THE THIRTIETH CHALLENGE
Rewrite a play of someone else’s
You made it! (or you didn’t and that’s okay too- no really it is I’ve only finished about half the time when I try to do these. Kids, ya know? Life. Etc.)
If you’re not having fun, you’re doing it wrong.
Why do this? Well, for me it goes back to the essence of theater and promoting it as inherently an act of play - even the writing of it!- dangerous, delightful, adult, play.
It’s a bit of a yogic practice to be sure- good days and bad days- but it’s a mistake to try to hold back the waters and pray that it all works out when the dam bursts. It’s much better to live your life- idk why the water metaphor but--- building up muscles walking next to the creative river.
Anyway- last challenge. Here it is:
CHALLENGE: YOU. Rewrite a play of someone else’s. From this challenge. From classic works. From whatever. Boil it down to yourself with a sentence like “essentially this is a play about bad bosses- just like when I worked at Groupon (or whatever).” Then rewrite the play from your perspective, your life markers, yours and you and u.
Make it personal. A campfire story about how you got here.
And… add a dream sequence in the middle
Make it theatrical. Make it a rain dance.
Then smack us back down into the reality of the first part of the play.
Don’t forget to advocate for yourself.
Don’t feel sorry for yourself.
Obama says “Don’t boo, vote.”
I say “Don’t bitch, write.”
I love you for reading these.
I love you for choosing an artist's life. You are a leader in your community whether you feel like one or not. Whether they express it or not, other (muggle) people know you’re dangerous, powerful, and creative. They know you’re full of mystery and potential.
Honor yourself at the end of this.
Heal. Rest. Rest.
Celebrate it AS a thing. The end product is YOU- not the writing. The writing can’t happen without you, being in tune, doing that river walk (see above).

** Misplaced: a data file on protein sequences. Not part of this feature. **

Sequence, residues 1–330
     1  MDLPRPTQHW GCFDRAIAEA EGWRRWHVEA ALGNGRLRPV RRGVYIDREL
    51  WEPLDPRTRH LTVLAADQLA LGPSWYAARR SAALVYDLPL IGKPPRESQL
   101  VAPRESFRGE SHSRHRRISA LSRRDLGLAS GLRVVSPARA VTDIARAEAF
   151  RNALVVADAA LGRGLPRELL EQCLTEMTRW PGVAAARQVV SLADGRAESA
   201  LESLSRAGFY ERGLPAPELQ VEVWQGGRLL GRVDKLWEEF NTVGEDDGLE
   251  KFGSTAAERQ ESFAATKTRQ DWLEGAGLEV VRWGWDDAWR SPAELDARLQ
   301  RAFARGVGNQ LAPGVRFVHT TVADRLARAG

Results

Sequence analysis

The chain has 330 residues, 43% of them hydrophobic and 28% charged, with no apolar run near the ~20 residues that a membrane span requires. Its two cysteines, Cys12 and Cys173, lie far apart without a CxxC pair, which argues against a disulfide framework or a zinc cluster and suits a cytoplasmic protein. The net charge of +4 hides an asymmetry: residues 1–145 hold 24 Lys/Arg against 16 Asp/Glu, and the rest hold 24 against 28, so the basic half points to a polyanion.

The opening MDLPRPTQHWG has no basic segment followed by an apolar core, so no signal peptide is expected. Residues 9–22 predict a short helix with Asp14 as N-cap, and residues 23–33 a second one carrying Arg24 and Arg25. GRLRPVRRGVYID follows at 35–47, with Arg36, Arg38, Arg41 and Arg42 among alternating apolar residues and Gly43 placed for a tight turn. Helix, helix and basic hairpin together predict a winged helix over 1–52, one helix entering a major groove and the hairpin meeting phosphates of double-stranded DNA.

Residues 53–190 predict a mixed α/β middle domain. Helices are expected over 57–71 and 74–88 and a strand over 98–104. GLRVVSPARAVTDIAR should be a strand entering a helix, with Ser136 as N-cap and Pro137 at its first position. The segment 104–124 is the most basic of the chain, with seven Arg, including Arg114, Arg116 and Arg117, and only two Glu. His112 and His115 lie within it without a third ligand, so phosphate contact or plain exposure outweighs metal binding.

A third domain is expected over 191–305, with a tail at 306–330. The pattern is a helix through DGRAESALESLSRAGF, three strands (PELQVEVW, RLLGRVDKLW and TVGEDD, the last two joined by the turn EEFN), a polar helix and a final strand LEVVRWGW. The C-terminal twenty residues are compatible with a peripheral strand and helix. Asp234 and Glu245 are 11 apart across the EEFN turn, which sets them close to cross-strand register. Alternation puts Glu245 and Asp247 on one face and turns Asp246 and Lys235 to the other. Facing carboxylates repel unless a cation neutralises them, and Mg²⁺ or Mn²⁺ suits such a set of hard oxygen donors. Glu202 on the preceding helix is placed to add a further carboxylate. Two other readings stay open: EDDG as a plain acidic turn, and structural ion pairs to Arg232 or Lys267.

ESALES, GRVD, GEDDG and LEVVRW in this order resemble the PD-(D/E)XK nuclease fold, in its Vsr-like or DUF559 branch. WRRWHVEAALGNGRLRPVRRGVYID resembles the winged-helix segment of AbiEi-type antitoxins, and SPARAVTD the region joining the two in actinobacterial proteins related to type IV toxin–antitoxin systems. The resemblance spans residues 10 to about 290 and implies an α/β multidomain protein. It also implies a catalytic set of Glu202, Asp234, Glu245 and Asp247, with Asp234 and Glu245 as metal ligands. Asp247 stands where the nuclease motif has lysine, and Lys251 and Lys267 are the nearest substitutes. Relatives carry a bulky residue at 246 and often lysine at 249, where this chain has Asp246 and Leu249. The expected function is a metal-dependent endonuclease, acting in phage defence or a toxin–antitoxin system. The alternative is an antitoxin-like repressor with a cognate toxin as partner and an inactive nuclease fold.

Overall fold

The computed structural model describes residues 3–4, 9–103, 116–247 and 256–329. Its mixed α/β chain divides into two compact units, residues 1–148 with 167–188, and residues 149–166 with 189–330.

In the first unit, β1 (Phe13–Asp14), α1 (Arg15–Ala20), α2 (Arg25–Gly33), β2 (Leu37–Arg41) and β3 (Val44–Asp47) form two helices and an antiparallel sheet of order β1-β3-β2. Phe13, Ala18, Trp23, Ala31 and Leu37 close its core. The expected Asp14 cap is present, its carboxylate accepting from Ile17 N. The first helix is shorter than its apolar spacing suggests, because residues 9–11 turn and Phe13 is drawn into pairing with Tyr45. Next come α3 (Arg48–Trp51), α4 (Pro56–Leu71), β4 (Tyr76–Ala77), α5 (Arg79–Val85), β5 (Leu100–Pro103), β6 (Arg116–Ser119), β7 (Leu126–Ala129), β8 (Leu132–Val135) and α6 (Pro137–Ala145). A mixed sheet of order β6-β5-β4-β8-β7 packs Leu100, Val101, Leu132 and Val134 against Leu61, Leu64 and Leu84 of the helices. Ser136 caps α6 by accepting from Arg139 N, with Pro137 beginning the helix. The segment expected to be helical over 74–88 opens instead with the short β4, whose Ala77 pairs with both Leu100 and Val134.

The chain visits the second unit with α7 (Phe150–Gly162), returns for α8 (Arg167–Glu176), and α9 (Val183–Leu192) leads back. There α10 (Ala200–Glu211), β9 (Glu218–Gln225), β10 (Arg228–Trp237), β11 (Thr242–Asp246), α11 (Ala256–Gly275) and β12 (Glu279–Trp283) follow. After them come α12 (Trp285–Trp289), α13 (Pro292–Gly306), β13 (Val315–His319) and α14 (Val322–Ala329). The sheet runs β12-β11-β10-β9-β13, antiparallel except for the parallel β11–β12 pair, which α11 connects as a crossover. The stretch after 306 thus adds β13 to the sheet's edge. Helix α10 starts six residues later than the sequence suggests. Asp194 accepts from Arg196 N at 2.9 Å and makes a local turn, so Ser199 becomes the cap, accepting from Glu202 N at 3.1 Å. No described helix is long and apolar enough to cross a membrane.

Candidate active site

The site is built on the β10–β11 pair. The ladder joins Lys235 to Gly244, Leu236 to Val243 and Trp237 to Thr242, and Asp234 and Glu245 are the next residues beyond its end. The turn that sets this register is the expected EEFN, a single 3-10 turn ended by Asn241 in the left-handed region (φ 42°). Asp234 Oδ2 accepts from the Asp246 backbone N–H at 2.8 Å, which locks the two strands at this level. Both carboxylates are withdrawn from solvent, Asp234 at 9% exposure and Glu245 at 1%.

‘Til next year!
(I’m trying to do a riff on Chekhov’s Uncle Vanya, with most of the genders flipped. The young trophy wife is instead a trophy husband, etc. So the professor, GWENDOLYN, has come with her new younger husband JONATHAN, to summer at the family farm of her late husband, now run by her daughter, OLIVE, and former sister-in-law, CONSTANCE. The local doctor, ESTHER, makes frequent visits. OLIVE pines for ESTHER, but she has her eye on JONATHAN, and it may be mutual. Which is even more awkward for ESTHER’s friendship with CONSTANCE, for she also pines for JONATHAN. Right now, I seem to be in a meditative phase where none of the characters are talking to each other; they’re instead engaging in conversation with inanimate objects. And so it goes…)
CONSTANCE kneels by a bed of autumn roses – a mixture of blooms in oranges and yellows and reds.
Such lovely things. It seems a shame to pick you.
The ROSES look to CONSTANCE.
If you live in there, and I live out here, how are we ever going to see and appreciate each other’s beauty?
You want me to cut you down?
It’s the only way I can be near you.
But you’ll die.
We’re all going to die. Flowers soonest of all. September is here anyway. Would you prefer I die out here alone in the chill?
No, of course not.
Take me inside, where I can be warm, with you. Let me brighten your rooms. You’ll tend me just as closely in there as you do out here. You’ll keep me alive as long as you can.
And if there’s someone you want me to impress and watch over for you, I can do that as well.
Beautiful autumn roses – lovely, sad roses.
We’ll be less sad together. You could bloom as well.
I have the clippers. I’ll be gentle.
Do it quickly.
I have you.
OLIVE sits at a piano.
The PIANO waits impatiently.
You’ve dusted me and polished me. Now play me. I’m not a piece of furniture. I’m meant to sing. But I need you to touch my keys.
I’ll disturb mother.
She and her books can walk outside. We are less mobile.
What if I play badly?
You’re not liable to play well if you don’t play at all.
I won’t offend you?
You only offend me by not allowing me to truly speak. I need your caress to set my voice free.
But the whole house will hear.
Let them. The silence in this place is suffocating.
You seem so sad.
There is nothing sadder than an unplayed piano. If you touch me, I’ll perk right up, I promise you.
OLIVE lays her hands gently on the keys, but don’t press down to play the notes yet.
Oh, the warmth of your fingertips. I’ve missed you.
I’ve missed you, too.
OLIVE plays first one chord softly, then another.